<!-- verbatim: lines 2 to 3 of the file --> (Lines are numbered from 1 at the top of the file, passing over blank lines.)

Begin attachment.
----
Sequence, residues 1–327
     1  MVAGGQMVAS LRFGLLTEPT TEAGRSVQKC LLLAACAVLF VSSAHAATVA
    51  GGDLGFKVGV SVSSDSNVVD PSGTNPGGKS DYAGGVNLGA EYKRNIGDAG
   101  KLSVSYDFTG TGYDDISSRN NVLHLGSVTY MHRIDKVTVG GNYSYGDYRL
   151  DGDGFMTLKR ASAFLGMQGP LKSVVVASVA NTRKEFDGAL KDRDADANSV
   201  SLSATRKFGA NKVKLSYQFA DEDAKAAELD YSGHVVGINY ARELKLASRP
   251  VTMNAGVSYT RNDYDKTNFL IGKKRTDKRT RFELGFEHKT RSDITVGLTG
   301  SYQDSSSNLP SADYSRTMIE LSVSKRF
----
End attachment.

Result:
     1  MVAGGQMVAS LRFGLLTEPT TEAGRSVQKC LLLAACAVLF VSSAHAATVA
    51  GGDLGFKVGV SVSSDSNVVD PSGTNPGGKS DYAGGVNLGA EYKRNIGDAG